In the January 2018 issue of Petersen’s 4WOR we introduced you to our infamous, former-magazine project 1969 Ford Bronco. In that article we talked about our general plan to transform the rig from a rusty and neglected rockcrawler into a very capable driver. In order to make that happen we have to tear into it to see what needs to be cleaned, rebuilt, replaced, or melted down into liquid form to be made into soup cans. Sometimes things have to get worse before they can get better, and that’s the plan for this installment of our early Bronco build, the teardown.
All in all, the Bronco is in pretty good shape. A few holes in the floor, a couple rust spots, and a ton of surface rust on just about everything. Here’s hoping that taking things apart to make sure they are good doesn’t expose any horrible secrets hidden underneath what appears to be a fairly nice early Bronco.
Once we get a handle on what can be fixed and what is junk, we can assemble a list of parts that will complement what we still have and rebuild the old 1969 Bronco better than it was before. Follow along to see what we find as this Bronco goes down.
We started the teardown by rolling the nonrunning Bronco into our shop. We pulled the sun-faded urethane fender flares and started removing the front sheetmetal. We will definitely reuse the Protofab front bumper and see if the old Warn winch can be made like new again. The grille is in great shape, but the radiator core support is not.
Unfortunately the front fenders are both full of body filler. The hood is rusty and shows signs of a couple of dents and a little body filler, but we think it’s usable. Luckily, just about any body part for an early Bronco is available as a reproduction part. Our plan is to get a set of new fenders from LMC Truck and install them as things come back together.
With the front fender off, one thing became obvious. This Bronco has nothing left of the inner fenderwells. We aren’t sure what happened to them, but it looks like someone cut them out hastily. We plan on cleaning things up a bit and building some sort of runners to support the fenders and the radiator core support.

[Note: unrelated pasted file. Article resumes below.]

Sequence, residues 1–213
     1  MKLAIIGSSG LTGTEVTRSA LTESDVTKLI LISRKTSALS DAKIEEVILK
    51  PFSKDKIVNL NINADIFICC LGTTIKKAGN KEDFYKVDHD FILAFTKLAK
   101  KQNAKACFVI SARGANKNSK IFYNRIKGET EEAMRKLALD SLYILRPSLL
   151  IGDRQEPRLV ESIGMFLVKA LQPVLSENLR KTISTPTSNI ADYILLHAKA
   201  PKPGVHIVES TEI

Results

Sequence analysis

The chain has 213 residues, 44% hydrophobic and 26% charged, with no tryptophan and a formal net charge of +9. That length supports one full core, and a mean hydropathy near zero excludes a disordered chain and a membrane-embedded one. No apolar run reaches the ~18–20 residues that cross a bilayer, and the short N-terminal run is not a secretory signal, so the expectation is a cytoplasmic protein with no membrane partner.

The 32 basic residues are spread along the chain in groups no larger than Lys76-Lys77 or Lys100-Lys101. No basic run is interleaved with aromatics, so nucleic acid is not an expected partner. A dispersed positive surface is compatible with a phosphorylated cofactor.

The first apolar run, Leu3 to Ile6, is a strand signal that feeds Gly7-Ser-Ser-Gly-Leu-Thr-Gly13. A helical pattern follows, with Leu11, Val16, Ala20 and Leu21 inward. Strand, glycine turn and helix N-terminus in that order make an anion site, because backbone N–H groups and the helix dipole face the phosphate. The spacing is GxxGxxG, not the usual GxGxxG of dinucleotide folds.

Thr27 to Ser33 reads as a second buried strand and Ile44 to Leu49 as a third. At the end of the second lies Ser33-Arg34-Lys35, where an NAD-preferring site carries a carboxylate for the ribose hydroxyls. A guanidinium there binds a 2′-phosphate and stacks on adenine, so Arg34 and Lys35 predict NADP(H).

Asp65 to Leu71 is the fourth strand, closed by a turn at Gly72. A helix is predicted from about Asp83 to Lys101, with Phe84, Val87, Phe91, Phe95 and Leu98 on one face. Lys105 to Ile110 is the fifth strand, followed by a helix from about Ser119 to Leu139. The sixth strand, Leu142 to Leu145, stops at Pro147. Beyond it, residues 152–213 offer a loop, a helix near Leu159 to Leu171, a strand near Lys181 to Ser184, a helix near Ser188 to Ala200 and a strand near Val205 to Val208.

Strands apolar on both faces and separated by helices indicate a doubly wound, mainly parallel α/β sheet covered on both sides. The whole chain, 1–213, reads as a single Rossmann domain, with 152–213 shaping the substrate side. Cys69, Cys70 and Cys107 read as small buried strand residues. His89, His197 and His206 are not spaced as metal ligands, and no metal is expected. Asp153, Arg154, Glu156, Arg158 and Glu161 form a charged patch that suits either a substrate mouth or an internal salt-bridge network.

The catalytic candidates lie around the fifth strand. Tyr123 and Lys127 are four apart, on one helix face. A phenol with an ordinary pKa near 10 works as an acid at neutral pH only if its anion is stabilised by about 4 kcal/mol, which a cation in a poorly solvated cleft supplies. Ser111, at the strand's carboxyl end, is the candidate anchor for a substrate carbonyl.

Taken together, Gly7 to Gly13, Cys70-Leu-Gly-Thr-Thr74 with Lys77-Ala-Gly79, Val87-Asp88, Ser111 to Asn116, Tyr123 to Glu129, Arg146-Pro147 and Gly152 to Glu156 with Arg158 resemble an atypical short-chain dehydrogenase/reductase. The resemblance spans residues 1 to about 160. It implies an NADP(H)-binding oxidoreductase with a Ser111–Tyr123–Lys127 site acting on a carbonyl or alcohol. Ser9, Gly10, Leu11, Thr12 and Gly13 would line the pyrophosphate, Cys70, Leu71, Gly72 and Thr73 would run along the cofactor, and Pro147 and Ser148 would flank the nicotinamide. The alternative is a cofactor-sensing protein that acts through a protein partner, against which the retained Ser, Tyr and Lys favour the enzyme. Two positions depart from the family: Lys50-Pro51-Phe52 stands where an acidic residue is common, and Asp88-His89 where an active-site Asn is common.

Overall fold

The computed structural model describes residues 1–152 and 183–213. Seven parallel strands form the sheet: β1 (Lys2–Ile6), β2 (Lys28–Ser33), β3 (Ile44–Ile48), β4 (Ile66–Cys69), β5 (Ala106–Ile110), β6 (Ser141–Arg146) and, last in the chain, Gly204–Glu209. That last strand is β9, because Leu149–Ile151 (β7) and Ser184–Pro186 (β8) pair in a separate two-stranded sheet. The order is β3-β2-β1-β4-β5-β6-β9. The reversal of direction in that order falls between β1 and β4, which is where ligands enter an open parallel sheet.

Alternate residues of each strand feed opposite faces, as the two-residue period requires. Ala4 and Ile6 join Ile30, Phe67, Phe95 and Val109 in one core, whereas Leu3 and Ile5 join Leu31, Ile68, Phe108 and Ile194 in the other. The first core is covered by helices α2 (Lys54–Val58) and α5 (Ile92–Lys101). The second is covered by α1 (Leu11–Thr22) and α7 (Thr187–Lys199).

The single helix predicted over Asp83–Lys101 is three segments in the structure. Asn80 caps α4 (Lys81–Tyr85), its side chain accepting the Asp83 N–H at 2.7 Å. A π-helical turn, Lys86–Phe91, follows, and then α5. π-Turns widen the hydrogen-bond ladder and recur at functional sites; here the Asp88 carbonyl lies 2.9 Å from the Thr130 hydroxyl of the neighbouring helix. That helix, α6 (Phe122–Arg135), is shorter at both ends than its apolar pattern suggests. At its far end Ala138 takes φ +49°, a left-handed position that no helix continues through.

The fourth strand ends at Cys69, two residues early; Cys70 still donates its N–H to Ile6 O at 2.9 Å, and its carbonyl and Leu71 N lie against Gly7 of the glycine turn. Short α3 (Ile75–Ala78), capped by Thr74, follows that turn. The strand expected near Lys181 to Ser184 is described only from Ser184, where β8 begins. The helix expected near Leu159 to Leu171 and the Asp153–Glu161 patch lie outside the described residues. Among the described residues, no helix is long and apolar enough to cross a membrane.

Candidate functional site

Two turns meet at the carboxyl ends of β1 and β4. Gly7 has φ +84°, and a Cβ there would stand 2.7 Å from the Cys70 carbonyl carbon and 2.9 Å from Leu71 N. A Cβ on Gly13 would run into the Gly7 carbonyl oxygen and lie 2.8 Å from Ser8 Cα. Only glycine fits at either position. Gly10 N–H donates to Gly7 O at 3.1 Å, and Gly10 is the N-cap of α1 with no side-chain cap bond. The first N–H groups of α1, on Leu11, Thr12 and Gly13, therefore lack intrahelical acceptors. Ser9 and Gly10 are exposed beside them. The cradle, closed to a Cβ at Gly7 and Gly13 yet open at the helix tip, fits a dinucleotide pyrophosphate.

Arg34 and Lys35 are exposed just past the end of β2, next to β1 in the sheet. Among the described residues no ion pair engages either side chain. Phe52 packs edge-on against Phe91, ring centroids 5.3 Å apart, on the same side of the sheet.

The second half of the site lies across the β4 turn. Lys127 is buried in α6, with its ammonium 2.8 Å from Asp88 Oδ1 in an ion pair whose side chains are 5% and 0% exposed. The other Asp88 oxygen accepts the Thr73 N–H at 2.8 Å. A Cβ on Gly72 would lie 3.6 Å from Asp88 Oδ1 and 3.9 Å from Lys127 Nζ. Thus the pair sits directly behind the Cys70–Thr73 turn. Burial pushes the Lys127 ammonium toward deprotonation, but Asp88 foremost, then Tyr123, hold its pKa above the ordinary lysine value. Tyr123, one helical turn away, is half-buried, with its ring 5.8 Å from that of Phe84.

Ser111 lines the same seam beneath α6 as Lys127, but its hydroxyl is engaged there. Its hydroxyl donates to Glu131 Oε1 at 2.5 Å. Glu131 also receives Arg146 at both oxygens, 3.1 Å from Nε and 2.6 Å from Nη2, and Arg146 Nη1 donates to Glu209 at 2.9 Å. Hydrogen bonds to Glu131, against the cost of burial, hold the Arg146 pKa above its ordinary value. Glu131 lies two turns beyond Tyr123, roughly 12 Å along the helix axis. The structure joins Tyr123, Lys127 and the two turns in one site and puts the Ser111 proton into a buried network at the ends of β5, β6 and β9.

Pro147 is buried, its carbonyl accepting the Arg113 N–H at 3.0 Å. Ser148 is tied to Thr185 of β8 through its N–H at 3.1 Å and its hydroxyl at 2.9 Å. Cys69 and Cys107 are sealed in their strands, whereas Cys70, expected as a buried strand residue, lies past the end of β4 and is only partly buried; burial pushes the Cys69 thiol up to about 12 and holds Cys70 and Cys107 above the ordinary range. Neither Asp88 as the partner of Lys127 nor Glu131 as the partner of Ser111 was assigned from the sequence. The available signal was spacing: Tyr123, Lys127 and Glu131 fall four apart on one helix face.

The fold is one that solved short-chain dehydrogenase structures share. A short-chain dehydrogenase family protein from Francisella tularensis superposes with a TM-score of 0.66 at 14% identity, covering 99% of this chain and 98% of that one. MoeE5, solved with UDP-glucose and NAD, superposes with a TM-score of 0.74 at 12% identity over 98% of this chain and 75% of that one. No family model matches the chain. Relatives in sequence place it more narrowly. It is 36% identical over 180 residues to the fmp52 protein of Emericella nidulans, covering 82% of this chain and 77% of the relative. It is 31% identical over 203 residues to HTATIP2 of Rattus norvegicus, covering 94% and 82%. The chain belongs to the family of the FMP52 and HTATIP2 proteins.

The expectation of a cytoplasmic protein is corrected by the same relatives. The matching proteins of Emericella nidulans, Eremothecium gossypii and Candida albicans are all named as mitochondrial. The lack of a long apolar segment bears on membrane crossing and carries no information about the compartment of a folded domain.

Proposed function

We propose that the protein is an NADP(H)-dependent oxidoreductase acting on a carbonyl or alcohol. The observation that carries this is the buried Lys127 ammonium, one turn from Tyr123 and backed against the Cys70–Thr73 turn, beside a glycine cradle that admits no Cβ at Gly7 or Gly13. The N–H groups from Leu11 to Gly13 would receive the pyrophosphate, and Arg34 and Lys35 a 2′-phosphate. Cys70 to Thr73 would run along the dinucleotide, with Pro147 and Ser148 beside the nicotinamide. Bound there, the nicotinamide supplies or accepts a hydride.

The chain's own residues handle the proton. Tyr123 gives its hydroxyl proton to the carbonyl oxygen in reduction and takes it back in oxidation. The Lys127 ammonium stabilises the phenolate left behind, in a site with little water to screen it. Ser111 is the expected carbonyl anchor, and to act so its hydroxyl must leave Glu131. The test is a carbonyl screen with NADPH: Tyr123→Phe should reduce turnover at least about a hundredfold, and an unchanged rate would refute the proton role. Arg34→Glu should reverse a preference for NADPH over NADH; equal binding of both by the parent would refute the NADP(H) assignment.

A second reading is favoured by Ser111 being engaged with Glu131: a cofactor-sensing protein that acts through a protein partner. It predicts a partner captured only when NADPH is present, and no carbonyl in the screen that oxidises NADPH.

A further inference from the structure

Due to its magazine heritage, this vehicle has some cool parts on it. For example, check out this ram-assist-tapped power steering box and James Duff box mount support. We will get these parts rebuilt and use them if at all possible to keep the vintage vibe alive.
Zooming in on the front of the Bronco’s tub gives us a glimpse of what we believe to be the original color. That muted green seems to be below all the other paint. It looks like the Bronco may have been white at some point too. Maybe we will try to go back to this factory green color. You can also see the jagged edges of someone’s trim job and what’s left of where the inner fenderwell mounted to the tub.
The back of the Bronco has had body armor on the driver-side rear corner. Craig Perronne, the former owner, told us that it was hiding some pretty bad body damage. We pulled the armor and were happily surprised to find less damage than we expected. That’s a plus. We think with a little judicial cutting, hammering, and maybe some new sheetmetal we can get this darn close to original shape.
With the tires off it’s a lot easier to get a look at the framerails, which seem to be in good shape, although not perfect. For one, there’s surface rust everywhere. It’s not a structural problem, but it is ugly and will take time to remove. There are several odd bits of steel welded to various parts of the frame and this hole that looks like it was torched into the side of the framerail No, Verne, that’s rust-through—Ed.. We don’t know why, but we will definitely fix that and remove the old bent shock mount and the random bits of steel.
Next, we started contemplating removal of the Ford 302 V-8 engine. Perronne told us long ago that the Bronco’s engine is very “tired,” and we’re betting that letting it sit for most of the past 16 years hasn’t done it any favors. Our plan is to look into rebuilding it or finding a Windsor-based small-block Ford with which to replace it. We pulled the Holley Truck Avenger carb and attached our engine removal plate so we could pull the engine with the engine hoist.
With the engine out of the way, cleaning up the Bronco’s frame and redoing the suspension with our James Duff components will be that much easier. More room will also help us gain access to the few areas of the Bronco’s floor that need attention.
We are not 100 percent sure what is going on here, but what you are looking at, behind the rollcage tie-in) is the seam just below the pedals of the driver-side floorboard. It looks like someone added a piece of metal and some body filler below the floor. It doesn’t look like the floor needs to be cut out and replaced, but we’ll do that if it needs it.
The floor looks pretty good. There is some sort of very abrasive roll-on bedliner that we hope we can restore or patch. The transmission tunnel cover is pretty torn up with different holes for different shifters, but the Bronco came with a new transmission tunnel cover so we should be able to cut this one out and add in the new parts. Otherwise the floor is in pretty good shape despite a few cracks and extra holes drilled in it.
Who is this guy? We don’t know, but he, along with the blue oval, adds character to our old Bronco. We’re glad to have him along for the ride as this project goes from neglected to awesome!